A bill that would allow Netflix to secure a blanket
agreement from users to share their choice of video rentals with third parties
looks like it will get more scrutiny in the Senate than it did in the House.
The bill, HR 2571, which amends the Video Privacy Protection
Act (VPPA) to allow for blanket permission from users, instead of the current
per-title permission requirement, got a hearing in the Senate Privacy
Subcommittee Tuesday (a recent subcommittee addition to the Judiciary committee
in the wake of increased focus on online privacy issues).
The bill passed in the Republican-controlled House Dec. 6 on
a vote of 303-116 and without a hearing. It was referred to the Senate
Judiciary Committee. The bill amends VPPA, which dates to 1988 and was passed
in the wake of the release of video rental records of then-Supreme Court
nominee Robert Bork.
The amendment that passed Dec. 6 is only a few lines long
and "clarifies" that "a video tape service provider [which includes
delivering that â€˜tape' digitally] may obtain a consumer's informed, written
consent on an ongoing basis and that consent may be obtained through the
At issue is whether the change to an ongoing consent that
would have to be rescinded is sufficiently protective of that information, essentially
boiling down to the opt-in versus opt-out debate of online privacy protection.
Netflix wants users to be able to provide a blanket
agreement to share movie choices, which includes on Facebook, just as they set
music or reading choices for default sharing with their friends. Critics of the
bill point out it does not limit with whom the information can be shared, that
friends today might be cyberbullies tomorrow, and that there is no provision
for how easy it would be to agree to share vs. how tough a company might make
it to unshare.
At the hearing, Sen. Al Franken (D-Minn.), chair of the
committee, clearly had concerns about those issues and said he thought the
House had rushed through the amendment, perhaps without all those who voted for
it understanding the ramifications.
Franken said he thought the VPPA needed updating, but said
he would like to see it applied specifically to online streaming. Netflix was
not interested in transposing VPAA to online given its per-view limitation on
Franken said that while he believed VPAA already included
online streaming given its wording talks about similar audiovisual distribution
of tapes (it also obviously did not mention DVD's back in 1988), he is not
confident a judge somewhere might not disagree.
Sen. Tom Coburn (R-Okla.) said he thought VPAA also needed
to be updated, but seemed more in line with Netflix, making the point that
Facebook users could share ongoing music or book preferences or TV show
preferences on Hulu with an initial blanket approval. But he also said Franken
had made some good points and ultimately seemed to be of two minds on the
issue. He asked Netflix General Counsel and hearing witness David Hyman why it
would not be relatively easy to let renters choose at the time of viewing
whether to share or not, since they would have to push the play button, as it
were, and why it would be any harder to have a "play and share"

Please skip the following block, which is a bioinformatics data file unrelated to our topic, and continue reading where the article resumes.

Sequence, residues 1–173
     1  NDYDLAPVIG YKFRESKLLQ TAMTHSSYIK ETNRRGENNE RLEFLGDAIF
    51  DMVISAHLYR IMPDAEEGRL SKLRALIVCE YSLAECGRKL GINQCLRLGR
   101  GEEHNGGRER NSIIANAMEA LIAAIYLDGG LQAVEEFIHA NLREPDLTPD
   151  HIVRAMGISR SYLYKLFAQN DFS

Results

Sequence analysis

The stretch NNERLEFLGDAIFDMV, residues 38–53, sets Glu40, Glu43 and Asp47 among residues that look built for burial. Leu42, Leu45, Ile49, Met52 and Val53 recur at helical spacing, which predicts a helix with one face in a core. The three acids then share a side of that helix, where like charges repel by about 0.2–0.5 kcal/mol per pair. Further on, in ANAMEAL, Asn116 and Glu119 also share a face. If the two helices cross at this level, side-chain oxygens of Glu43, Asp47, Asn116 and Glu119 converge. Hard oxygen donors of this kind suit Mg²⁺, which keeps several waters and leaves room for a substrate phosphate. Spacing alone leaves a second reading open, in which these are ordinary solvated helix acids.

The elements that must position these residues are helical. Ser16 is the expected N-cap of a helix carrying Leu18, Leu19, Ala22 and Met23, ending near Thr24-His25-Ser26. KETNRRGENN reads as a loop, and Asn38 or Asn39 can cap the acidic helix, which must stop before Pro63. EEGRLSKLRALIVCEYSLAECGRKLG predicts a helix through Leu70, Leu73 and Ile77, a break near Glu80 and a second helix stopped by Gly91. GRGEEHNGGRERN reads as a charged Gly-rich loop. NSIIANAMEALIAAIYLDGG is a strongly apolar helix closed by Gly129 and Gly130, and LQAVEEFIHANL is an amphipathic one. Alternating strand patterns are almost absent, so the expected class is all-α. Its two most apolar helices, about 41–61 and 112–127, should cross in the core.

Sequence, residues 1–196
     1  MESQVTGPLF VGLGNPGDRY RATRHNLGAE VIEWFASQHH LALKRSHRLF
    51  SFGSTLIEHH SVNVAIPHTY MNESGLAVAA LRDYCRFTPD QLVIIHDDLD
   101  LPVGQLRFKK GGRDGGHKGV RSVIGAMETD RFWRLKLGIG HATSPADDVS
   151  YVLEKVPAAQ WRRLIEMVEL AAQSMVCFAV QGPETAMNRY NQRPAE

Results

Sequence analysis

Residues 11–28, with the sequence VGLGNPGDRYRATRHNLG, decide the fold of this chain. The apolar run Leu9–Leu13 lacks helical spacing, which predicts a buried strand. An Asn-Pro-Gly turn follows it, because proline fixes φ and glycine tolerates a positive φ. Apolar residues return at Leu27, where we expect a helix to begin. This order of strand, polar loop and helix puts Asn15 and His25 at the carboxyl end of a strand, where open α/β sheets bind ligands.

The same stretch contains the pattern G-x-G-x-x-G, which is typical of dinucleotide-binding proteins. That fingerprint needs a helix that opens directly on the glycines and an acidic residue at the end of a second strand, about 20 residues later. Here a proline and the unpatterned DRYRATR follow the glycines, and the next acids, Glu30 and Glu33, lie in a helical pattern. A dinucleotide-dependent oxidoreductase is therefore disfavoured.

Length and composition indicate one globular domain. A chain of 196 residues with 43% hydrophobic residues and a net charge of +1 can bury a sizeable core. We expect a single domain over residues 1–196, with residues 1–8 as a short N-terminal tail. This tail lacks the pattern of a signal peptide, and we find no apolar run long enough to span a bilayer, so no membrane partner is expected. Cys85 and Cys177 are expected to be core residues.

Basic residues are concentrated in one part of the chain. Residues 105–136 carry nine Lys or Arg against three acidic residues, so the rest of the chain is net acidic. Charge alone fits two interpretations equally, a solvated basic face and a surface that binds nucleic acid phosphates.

button option. Hyman said that while they did have such an option for users
outside the U.S., where there is no limitation on a blanket sharing approval,
that function was not available on all devices, including some legacy
equipment, and added that they did that voluntarily and that Netflix did not think
the Congress should be deciding whether or not users could provide blanket
consent if they chose to. He said he agreed that opting out of that consent
should be as easy as making the initial election, but Franken pointed out the
amendment did not ensure that and that other, not-as-good actors, could make it
tough to deselect.
Patrick Leahy (D-Vt.), chair of the Judiciary Committee, who
helped craft the original VPPA back in 1988, was clearly troubled by the
Leahy said that protecting privacy is getting increasingly
more difficult as businesses collect and store more info. He said technology is
indeed outpacing privacy laws, which is why he is pushing for personal data
privacy and security legislation.
He said that while companies may want to make it simpler to
track users across the board for their own benefit, it may not be better for
consumers. He added that it might also be simpler for industry without
antitrust or consumer protection laws. He said when corporate interests provide
a check-off for some fun new app, they may not be giving consumers the whole
story. That one-time check-off of consent to mine and sell info has the effect
of a "one-time surrender," he said.
Standing up for the amendment was Christopher Wolf, co-chair
of the Future of Privacy Forum. He said that VPPA's requirement of ongoing
permission for each viewing can frustrate a viewers' choice to authorize
ongoing disclosure in a social media world undreamt of in 1988. "Facebook
users commonly utilize a one-time authorization - a durable choice option - to
share a wide range of information with their friends," he told the
committee. "But their ability to use such an authorization to share
video-watching experiences arguably is thwarted by the restrictive, outdated
language of the statute requiring consent of the consumer given at the time the
disclosure is sought."
Wolf said that it is crucial to reform laws from an
"old framework" that does not fit today's digital world. "The
key to protecting privacy is not to be paternalistic and deny people the right
to share information as they wish or to assume they don't know what they are
doing online," he said.